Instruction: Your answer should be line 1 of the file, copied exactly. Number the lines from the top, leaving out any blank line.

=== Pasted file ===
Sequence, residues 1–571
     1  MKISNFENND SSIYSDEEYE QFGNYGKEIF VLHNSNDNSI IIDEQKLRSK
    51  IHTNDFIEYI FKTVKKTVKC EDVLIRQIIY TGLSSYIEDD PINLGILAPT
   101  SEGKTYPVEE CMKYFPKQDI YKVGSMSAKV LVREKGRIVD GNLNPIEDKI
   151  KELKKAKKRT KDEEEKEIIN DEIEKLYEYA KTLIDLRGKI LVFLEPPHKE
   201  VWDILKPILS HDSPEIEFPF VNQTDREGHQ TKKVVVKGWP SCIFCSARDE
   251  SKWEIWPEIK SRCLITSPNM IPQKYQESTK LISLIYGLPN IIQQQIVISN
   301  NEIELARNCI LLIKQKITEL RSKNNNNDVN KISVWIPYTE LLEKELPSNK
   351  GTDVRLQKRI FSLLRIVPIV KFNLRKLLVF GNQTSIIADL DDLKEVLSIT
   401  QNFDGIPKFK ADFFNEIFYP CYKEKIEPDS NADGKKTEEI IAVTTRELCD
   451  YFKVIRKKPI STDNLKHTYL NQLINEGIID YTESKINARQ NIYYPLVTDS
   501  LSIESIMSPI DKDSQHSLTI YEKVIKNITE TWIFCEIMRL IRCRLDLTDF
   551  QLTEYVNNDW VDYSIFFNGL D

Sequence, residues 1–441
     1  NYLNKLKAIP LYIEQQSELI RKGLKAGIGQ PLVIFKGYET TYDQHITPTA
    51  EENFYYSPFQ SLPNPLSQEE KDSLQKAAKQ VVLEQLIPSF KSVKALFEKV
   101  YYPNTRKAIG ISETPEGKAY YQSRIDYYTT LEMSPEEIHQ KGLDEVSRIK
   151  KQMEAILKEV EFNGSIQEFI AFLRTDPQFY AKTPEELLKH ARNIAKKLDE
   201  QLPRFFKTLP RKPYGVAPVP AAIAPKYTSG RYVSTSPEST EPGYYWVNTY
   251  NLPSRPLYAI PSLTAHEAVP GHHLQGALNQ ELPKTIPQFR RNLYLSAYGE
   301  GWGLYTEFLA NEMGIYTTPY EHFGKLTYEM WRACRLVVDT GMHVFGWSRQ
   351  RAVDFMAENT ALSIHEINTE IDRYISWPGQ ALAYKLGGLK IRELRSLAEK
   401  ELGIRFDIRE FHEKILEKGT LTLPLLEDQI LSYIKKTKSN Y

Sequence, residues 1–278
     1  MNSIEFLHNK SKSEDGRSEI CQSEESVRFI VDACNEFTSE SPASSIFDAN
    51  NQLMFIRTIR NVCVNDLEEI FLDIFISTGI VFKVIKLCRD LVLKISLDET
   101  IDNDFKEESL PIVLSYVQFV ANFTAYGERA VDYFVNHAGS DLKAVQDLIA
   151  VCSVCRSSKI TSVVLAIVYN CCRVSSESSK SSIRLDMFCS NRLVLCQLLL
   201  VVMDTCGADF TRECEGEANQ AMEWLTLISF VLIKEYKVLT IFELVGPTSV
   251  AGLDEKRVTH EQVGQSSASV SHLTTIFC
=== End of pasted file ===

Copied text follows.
Sequence, residues 1–571